Evidence for the Operation of the Hanle and Magneto-optical Effects in the Scattering Polarization Signals Observed by CLASP2 across the Mg II h and k Lines

Ishikawa, Ryohko; Trujillo Bueno, Javier; Alsina Ballester, Ernest; Belluzzi, Luca; del Pino Alemán, Tanausú; McKenzie, David E.; Auchère, Frédéric; Kobayashi, Ken; Okamoto, Takenori J.; Rachmeler, Laurel A.; Song, Donguk
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The Astrophysical Journal

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Radiative transfer investigations of the solar Mg II h and k resonance lines around 280 nm have shown that, while their circular polarization (Stokes V) signals arise from the Zeeman effect, the linear polarization profiles (Stokes Q and U) are dominated by the scattering of anisotropic radiation and the Hanle and magneto-optical (MO) effects. Using the unprecedented observations of the Mg II and Mn I resonance lines obtained by the Chromospheric LAyer Spectro-Polarimeter (CLASP2), here we investigate how the linear polarization signals at different wavelengths (i.e., at the center, and at the near and far wings of the k line) vary with the longitudinal component of the magnetic field (B L ) at their approximate height of formation. The B L is estimated from the V signals in the aforementioned spectral lines. Particular attention is given to the following quantities that are expected to be influenced by the presence of magnetic fields through the Hanle and MO effects: the sign of the U signals, the total linear polarization amplitude (LP) and its direction (χ) with respect to a reference direction. We find that at the center and near wings of the k line, the behavior of these quantities is significantly different in the observed quiet and plage regions, and that both LP and χ seem to depend on B L . These observational results are indicative of the operation of the Hanle effect at the center of the k line and of the MO effects at the near wings of the k line.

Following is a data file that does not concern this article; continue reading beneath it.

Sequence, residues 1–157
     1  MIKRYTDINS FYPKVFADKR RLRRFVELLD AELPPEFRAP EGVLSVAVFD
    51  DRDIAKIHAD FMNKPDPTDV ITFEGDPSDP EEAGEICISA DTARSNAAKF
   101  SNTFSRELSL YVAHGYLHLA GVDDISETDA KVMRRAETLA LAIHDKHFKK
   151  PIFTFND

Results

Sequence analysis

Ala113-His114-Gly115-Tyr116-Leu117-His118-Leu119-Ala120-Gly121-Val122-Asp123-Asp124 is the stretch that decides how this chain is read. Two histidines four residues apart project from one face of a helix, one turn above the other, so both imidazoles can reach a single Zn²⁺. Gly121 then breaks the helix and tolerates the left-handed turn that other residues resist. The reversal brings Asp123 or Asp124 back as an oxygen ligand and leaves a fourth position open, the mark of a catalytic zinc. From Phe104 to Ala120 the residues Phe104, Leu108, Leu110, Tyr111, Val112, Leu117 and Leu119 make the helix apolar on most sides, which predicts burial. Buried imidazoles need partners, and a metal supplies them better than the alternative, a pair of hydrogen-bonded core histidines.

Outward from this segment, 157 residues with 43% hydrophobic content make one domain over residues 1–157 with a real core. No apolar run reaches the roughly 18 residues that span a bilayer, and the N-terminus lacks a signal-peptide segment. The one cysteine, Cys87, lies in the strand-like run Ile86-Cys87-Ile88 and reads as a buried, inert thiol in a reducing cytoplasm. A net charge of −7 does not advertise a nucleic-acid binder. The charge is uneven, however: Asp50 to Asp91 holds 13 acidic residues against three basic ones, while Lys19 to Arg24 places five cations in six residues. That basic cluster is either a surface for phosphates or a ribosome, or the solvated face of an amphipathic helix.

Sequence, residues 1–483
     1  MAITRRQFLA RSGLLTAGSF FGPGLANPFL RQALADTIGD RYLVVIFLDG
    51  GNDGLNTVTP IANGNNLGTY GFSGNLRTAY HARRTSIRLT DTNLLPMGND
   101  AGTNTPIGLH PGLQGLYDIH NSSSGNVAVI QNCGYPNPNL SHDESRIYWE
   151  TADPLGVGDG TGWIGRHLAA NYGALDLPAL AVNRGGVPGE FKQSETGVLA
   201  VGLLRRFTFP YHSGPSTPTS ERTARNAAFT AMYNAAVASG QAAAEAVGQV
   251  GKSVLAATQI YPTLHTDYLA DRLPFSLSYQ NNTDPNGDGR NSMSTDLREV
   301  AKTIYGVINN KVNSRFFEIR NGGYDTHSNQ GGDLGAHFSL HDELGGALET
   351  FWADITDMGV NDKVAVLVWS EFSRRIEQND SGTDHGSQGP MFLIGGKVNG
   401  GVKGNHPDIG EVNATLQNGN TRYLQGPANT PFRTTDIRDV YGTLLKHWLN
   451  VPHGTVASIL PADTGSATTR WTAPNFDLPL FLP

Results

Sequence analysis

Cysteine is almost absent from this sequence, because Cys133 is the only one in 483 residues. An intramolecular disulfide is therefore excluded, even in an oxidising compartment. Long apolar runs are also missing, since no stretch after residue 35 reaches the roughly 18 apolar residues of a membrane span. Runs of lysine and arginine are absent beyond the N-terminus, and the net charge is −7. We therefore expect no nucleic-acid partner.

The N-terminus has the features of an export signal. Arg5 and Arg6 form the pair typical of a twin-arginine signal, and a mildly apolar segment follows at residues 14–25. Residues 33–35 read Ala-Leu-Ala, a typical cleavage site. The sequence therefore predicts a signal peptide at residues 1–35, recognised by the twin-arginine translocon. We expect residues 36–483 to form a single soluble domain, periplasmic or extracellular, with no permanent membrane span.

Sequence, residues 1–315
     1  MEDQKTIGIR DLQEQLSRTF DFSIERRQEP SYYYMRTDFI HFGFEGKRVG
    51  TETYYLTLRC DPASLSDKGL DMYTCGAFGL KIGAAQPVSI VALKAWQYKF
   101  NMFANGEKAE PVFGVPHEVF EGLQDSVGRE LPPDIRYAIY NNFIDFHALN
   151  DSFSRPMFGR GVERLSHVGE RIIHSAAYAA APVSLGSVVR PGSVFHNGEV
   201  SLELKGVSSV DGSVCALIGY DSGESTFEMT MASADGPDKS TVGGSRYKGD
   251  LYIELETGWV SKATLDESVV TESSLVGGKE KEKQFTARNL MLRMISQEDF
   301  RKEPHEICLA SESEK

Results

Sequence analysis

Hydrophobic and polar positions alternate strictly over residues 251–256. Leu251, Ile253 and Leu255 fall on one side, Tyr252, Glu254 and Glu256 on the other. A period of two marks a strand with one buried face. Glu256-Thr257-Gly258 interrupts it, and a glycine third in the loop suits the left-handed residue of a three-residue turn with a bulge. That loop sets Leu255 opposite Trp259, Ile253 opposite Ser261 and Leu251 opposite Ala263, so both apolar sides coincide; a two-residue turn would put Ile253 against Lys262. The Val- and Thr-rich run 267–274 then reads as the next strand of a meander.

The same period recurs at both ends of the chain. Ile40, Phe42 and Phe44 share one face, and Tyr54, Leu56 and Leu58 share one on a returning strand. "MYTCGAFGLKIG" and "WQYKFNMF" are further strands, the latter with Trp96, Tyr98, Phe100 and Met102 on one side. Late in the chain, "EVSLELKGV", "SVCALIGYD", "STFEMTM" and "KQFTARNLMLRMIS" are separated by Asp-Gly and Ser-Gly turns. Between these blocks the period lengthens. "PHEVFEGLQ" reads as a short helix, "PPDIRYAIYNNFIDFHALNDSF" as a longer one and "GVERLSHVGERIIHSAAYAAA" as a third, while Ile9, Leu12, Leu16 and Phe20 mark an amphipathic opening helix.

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Magnetism, Polarization and Radiative Transfer in Astrophysics
Magnetic fields pervade all astrophysical plasmas and govern most of the variability in the Universe at intermediate time scales. They are present in stars across the whole Hertzsprung-Russell diagram, in galaxies, and even perhaps in the intergalactic medium. Polarized light provides the most reliable source of information at our disposal for the
Tanausú del
Pino Alemán